The locations that inspired the new Chanel fragrances

The perfumer behind Chanel’s new Eaux collection invites you to take an olfactory adventure, says ROSALEEN McMEEL.

Choosing a favorite from the trio of fragrances that make up the new Les Eaux de Chanel is rather like choosing from the top three selling Chanel handbags: deliberations might last days, if not decades.

Created by Olivier Polge, Les Eaux de Chanel pay homage to destinations close to Gabrielle Chanel’s heart. Apart from offering a sensory escape, the collection marks a fresh departure for Polge and the French brand. Basing the collection on the concept of cologne, Polge has created three scents, which stand apart from the more voluptuous ones already on offer. The new collection shares the freshness of citrus, yet each fragrance provides its own interpretation. In terms of innovation, the house has invented its own citrus oils in special grades, which were used to glorious effect, making this a truly exciting launch.

“Gabrielle Chanel had a way of speaking about perfume and often talked about the sent bon, which literally translates as ‘smells good’, but it means a clean scent like a soap or a universal freshness, which I related to,” Polge tells me when we meet in Paris in February at an exclusive preview of the fragrance.


Much like music, perfume has a wondrous ability to transport the wearer to another time or place. It is this very essence that Polge aimed to harness in the creation of the newest additions to the luxury design house’s scent portfolio. An accomplished pianist in his spare time, Polge is well practiced in the art of making the most of the notes available to him, and his work as a perfumer is no different. “I was inspired by three destinations associated with Gabrielle Chanel – Paris-Deauville, Paris-Venise and Paris-Biarritz – and tried to anchor those fresh scents into the atmosphere. Even though I like to say that travel is suggestive because I think you can travel with fragrances only. More than the actual reality of the destination, I liked the idea urbanites make of it when they dream of a weekend away in the country. I wasn’t striving to capture the Normandy countryside as it stands today, but rather the promise of a stroll through the tall grasses.”

Gabrielle Chanel and her aunt Adrienne in front of the Chanel boutique in Deauville, 1913

Inspired by these three destinations associated with Chanel’s personal adventures, the fragrances are grounded in romance, history and the anticipation of adventure, not just the memory of it. Creating a fragrance that speaks to contemporary tastes, yet anchored in the rich heritage of Chanel can’t be easy, and I ask Polge if he is ever overwhelmed by the task. “I don’t see it as a weight, but as a source of inspiration. There is nothing worse than having no heritage. It gives you an opportunity to position yourself. It’s what makes you unique.”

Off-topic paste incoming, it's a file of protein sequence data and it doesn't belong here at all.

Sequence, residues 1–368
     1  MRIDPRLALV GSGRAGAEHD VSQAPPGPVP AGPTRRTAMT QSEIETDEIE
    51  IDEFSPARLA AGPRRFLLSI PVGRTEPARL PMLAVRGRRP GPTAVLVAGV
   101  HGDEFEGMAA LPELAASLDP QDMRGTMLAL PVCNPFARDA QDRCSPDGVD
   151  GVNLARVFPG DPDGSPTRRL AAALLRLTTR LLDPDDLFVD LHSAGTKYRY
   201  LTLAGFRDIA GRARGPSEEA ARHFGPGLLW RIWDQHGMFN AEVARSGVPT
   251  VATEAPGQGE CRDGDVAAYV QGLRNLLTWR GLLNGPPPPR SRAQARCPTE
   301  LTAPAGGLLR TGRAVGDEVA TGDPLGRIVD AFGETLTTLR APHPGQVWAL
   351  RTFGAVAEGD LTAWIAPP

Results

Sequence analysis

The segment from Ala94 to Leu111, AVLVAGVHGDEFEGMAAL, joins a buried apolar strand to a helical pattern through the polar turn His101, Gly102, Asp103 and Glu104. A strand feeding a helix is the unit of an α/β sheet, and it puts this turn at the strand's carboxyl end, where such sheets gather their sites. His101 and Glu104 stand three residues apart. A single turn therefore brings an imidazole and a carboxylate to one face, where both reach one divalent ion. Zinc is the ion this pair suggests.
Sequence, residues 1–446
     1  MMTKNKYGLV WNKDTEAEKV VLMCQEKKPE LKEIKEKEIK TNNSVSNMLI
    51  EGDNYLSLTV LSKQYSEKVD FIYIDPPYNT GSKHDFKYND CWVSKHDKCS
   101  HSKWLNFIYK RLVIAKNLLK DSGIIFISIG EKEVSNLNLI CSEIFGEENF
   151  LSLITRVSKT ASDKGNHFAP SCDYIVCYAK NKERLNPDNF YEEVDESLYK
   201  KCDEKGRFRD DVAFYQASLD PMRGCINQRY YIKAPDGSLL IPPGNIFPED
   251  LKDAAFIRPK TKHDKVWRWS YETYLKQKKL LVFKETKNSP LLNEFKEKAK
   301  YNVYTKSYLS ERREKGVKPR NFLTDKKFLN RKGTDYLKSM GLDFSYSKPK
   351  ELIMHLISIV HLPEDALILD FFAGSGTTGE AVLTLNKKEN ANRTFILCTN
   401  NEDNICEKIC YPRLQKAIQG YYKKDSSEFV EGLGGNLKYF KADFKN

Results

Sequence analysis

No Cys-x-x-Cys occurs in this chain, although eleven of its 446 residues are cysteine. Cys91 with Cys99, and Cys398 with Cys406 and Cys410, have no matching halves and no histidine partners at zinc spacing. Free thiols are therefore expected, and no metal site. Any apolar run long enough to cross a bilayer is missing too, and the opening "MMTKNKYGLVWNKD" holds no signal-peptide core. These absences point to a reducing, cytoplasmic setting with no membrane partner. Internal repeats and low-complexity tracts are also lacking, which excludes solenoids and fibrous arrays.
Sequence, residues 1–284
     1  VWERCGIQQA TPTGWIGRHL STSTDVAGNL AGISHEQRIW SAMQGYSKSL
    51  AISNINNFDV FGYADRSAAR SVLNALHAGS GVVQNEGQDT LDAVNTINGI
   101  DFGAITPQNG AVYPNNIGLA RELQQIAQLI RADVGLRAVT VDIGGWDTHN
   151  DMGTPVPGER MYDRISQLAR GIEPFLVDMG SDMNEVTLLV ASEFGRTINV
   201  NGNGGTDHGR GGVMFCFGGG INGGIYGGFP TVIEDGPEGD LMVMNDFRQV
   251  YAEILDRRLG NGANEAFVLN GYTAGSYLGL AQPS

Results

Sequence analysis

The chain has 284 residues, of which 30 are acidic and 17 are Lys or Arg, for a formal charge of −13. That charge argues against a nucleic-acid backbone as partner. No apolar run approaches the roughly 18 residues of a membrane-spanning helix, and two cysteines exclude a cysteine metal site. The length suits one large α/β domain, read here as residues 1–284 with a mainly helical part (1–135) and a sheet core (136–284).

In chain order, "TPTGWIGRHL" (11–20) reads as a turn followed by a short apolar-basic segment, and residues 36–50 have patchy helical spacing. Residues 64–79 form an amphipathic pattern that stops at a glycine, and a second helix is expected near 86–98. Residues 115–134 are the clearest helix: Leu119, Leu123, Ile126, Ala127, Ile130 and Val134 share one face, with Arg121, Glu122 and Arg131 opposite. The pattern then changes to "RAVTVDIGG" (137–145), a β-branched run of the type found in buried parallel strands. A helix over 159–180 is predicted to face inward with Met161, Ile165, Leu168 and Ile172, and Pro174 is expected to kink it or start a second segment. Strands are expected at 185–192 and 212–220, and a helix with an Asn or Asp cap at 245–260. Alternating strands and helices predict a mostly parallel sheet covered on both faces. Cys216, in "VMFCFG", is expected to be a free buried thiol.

Les Eaux de Chanel

Holiday destination of choice for Parisians, the seaside town of Deauville was where Gabrielle Chanel opened her first shop in 1913, with the help and financial assistance of Boy Capel. The immediate impression of Paris-Deauville is a bright, bitter orange rind, followed by aromatic basil leaf, which then reveals essence of rose and jasmine- like notes, further grounded by a woody patchouli. It’s a light, uplifting and carefree scent.


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Two years after the launch of her shop in Deauville, Gabrielle Chanel headed to yet another glamorous holiday hotspot, Biarritz, where she opened another store, next to the casino and the beach. Inspired by the ocean, the Paris-Biarritz fragrance is “the most aquatic fragrance in the Les Eaux de Chanel collection,” says Polge. “I wanted to create a sensation on the skin as if each ingredient were soaked with water.” The top notes are energised with a burst of grapefruit and mandarin. Accompanied by an aqueous note, the citrus prepares the way for a lily-of- the-valley accord. The groundswell of the formula, vetiver, blends with white musk notes to heighten the bracing sensations, lending it a sporty edge.

Gabrielle Chanel at the beach on the Lido with Misia and José Maria Sert and Madame Philippe Berthelot, 1925

When Boy Capel tragically died in a car accident in December 1919, Gabrielle Chanel was inconsolable. To help take her mind off his death, she travelled to Venice with friends. Venice was where Mademoiselle Chanel came back to life. Her discovery of Venetian artists and the unforgettable parties thrown by cosmopolitan aristocrats who spent their days basking in the sun on the Lido beaches helped Gabrielle forge her inimitable style. She drank in the glimmering mosaics, the shining hammered gold and precious gems of St Mark’s Basilica, which inspired her first jewellery collection. As for Paris-Venise, Polge wanted people to “smell the gateway to the Orient, which at Chanel is also an evocation of the baroque.” While citrus still weaves its way through the fragrance, neroli remains subdued. A hint of red berry whispers to iris and Grasse geranium, tangy and floral. Then, a vibrant cedar and amber accord break through. You can detect the vanilla note and Oriental scents that warm the skin without overpowering. “This is where Gabrielle Chanel developed her taste for baroque and the byzantine, so this is why it’s a rounder, more voluptuous scent,” Polge reveals.

Les Eaux de Chanel, €112 for 125ml, is available at Arnotts and Brown Thomas.


This article originally appeared in the July/August issue of IMAGE, on shelves nationwide now. 

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